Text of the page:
that Casanova rightly disparages. Secondly, it doesn't help us to identify the secular interpenetrate, but that (a) both are 11istoricalI~constituted, (b)
different kinds of secular life and the political reasoning on which they are rhis happens through accidental processes bringing together a variety of
based. For example, in the United States the population is largely religious concepts, practices, and sensibilities, and (c) in modern society rhe law is
and rhe federal government is conscicucio~lallyrequired to be neutral, and crncially involved in defining and defending the distinctiveness of social
yet Christian movements have historically been able to mobilize effectively spaces-especially the legitimate space for religion. In Formations of the
in support of important policies (antislavery, Prohibition, anti-abortion, Secular I ended the chapter that began with Casanova's reformulated the-
pro-Israel, etc.). Conversely, the federal courts are fi-equently required to sis by saying that in modern society the law finds itseIfcontinually having
decide whether particular forms of public behavior deserve to be protected to redefine the space that religion may properly occupy because the repro-
under the principle of fi-eedom of religion; in this way, the legal appara- duction ofsecular life ceaselessly disturbs the clarityofits boundaries. I ob-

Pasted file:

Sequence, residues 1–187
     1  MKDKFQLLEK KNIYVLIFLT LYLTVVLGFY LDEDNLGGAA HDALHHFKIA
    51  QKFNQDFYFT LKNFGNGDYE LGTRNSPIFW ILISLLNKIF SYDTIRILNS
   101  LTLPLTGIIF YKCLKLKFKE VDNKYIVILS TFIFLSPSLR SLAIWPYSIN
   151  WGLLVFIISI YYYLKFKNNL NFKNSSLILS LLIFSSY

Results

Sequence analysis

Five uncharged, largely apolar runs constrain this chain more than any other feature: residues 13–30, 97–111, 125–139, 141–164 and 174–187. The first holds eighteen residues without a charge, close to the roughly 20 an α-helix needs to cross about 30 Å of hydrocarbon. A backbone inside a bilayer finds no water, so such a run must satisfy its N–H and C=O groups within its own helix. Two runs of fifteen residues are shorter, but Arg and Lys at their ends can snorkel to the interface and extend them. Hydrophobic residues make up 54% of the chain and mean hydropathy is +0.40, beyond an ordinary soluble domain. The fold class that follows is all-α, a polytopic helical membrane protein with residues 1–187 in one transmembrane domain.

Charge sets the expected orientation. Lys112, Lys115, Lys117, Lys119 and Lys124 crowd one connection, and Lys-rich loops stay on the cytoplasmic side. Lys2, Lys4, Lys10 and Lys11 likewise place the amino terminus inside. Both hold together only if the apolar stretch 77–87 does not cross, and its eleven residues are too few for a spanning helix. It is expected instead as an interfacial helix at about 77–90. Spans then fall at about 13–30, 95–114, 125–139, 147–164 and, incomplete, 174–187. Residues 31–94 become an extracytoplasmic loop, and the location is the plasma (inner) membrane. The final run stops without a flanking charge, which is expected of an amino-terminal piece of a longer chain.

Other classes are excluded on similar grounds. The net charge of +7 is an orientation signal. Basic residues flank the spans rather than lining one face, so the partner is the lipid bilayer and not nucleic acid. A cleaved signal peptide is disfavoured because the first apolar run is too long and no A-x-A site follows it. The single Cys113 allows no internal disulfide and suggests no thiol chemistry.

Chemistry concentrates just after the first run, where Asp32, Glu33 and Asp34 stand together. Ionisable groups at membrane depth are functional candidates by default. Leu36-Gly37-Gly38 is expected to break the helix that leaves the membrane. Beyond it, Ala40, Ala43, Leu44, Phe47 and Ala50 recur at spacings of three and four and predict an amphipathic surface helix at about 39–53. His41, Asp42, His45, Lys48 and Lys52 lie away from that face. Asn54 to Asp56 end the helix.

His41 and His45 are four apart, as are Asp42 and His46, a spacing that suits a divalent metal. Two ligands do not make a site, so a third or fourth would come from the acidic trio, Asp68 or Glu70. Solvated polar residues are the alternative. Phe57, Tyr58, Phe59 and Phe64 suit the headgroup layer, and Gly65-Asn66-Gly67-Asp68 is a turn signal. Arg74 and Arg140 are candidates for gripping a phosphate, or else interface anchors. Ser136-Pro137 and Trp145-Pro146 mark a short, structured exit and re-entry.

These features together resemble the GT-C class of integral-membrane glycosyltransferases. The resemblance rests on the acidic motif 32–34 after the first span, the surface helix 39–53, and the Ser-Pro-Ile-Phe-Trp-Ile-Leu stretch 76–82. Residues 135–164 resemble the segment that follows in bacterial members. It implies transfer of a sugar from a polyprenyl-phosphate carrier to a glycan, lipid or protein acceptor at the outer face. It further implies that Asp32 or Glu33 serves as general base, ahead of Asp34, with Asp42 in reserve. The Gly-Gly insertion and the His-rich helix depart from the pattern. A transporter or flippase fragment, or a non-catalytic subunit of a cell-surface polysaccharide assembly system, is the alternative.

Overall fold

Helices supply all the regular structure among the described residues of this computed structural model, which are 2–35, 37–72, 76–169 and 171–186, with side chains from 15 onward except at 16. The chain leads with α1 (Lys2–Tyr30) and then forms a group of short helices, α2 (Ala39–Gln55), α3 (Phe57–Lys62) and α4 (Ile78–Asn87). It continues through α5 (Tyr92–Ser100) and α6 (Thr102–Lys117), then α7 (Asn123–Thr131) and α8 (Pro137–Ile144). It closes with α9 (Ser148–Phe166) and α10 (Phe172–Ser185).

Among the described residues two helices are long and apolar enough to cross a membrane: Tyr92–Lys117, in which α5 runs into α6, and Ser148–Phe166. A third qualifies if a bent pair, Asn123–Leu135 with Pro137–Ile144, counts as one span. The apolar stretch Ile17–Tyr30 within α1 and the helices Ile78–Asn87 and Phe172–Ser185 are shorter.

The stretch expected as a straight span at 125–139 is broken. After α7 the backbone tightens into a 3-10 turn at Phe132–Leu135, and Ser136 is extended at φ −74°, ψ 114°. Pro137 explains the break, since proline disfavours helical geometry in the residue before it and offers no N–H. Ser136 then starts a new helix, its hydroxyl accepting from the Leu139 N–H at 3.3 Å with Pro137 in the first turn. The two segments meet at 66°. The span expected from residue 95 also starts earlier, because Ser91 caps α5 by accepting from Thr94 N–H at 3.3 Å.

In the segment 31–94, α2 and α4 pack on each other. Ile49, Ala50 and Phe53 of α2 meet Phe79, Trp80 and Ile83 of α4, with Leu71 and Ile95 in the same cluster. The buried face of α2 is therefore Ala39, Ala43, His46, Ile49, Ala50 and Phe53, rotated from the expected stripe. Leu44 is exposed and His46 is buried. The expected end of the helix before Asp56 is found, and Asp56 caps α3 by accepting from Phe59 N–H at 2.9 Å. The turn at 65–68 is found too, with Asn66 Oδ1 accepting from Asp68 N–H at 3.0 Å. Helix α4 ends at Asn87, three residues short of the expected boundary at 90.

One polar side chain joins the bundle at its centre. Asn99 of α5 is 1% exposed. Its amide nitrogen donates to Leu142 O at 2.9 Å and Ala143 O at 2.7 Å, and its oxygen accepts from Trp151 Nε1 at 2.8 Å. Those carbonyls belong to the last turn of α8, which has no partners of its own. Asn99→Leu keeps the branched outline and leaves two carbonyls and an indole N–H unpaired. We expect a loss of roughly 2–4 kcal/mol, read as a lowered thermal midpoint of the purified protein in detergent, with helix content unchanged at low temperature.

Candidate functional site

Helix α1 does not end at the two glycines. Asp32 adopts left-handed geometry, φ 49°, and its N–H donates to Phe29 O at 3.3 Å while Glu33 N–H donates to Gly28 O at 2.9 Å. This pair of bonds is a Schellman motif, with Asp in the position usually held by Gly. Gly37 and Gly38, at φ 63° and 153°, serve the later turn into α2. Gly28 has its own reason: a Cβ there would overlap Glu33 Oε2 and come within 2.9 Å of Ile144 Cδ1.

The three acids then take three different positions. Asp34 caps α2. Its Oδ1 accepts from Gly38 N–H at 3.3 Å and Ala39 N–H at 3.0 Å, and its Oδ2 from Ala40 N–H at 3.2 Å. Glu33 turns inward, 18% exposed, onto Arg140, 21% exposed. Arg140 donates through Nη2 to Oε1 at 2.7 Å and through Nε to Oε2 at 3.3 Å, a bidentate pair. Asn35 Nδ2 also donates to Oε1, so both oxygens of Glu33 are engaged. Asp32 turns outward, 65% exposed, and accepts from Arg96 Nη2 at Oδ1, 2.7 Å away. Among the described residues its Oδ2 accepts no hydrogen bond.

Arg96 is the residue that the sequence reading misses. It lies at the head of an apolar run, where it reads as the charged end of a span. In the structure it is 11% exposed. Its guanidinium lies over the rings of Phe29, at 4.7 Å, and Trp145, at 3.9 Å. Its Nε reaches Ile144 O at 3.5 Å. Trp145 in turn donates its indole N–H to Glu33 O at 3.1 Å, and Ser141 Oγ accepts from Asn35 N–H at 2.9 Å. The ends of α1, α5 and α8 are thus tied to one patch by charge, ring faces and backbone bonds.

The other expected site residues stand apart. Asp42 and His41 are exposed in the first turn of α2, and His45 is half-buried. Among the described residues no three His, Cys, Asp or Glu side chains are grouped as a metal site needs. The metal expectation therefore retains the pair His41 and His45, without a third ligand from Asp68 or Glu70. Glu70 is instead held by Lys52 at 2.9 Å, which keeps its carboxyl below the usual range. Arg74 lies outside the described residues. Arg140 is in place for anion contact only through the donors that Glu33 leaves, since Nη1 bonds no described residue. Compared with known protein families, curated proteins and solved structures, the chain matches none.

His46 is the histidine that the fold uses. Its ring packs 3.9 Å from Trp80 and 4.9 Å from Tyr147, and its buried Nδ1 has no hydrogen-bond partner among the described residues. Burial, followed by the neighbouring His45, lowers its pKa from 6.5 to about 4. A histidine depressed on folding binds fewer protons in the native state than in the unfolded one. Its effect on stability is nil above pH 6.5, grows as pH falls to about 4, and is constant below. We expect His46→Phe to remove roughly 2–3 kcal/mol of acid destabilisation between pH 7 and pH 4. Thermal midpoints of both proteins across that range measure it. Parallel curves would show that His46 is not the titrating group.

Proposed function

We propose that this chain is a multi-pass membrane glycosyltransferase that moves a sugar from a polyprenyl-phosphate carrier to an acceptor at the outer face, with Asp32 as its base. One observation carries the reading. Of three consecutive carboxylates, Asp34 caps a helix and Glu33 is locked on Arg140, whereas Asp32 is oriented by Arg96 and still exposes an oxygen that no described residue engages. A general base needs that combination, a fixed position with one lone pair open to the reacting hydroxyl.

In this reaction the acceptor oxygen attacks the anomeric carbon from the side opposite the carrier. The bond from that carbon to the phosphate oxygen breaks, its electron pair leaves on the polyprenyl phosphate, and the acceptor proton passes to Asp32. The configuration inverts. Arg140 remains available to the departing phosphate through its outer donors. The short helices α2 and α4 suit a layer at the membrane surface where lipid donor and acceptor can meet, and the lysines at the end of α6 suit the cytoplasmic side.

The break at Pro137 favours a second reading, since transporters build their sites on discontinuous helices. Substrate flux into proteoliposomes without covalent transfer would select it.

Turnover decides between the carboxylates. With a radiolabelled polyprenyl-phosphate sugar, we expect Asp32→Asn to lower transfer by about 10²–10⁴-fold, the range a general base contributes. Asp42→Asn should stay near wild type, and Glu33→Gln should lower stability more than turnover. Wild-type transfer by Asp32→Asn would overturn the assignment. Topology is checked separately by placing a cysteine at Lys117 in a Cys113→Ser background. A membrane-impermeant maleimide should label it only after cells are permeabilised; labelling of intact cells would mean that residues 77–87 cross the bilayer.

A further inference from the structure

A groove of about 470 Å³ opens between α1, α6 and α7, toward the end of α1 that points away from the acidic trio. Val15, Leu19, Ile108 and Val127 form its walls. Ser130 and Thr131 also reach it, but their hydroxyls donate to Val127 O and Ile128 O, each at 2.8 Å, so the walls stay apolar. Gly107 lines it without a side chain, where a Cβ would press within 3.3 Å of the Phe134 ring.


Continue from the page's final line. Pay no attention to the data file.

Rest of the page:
tus of rhe state lnusr continually define what is truly religion. In France, served that "the unceasing pursuit of the new in productive effort, aesthet-
where the populal-ion is mostly nonreligious, the aggressively antireligious ic experience, and claims ro knowledge, as well as the unending struggle
state owns all church property built before 1908, except in Alsace and Lor- to extend individual self-creation, undermines the stability of established
raine (which were at that time a pal-t of Germany), where allcliurcli prop- boundaries." The point that interests me, therefore, is not that we need to
erty is now stal-e property and where priests, ministers, and rabbis are statr be careful in drawing analytical distinctions-I take that for granted as a
employees. A state that maintains the basic conditions for the practice ol' general requirement for clear thinking. My concern is with the process by
religion in society is itself religious. Thus in these two societies the sratc which houndaries are established and by which they come to be defined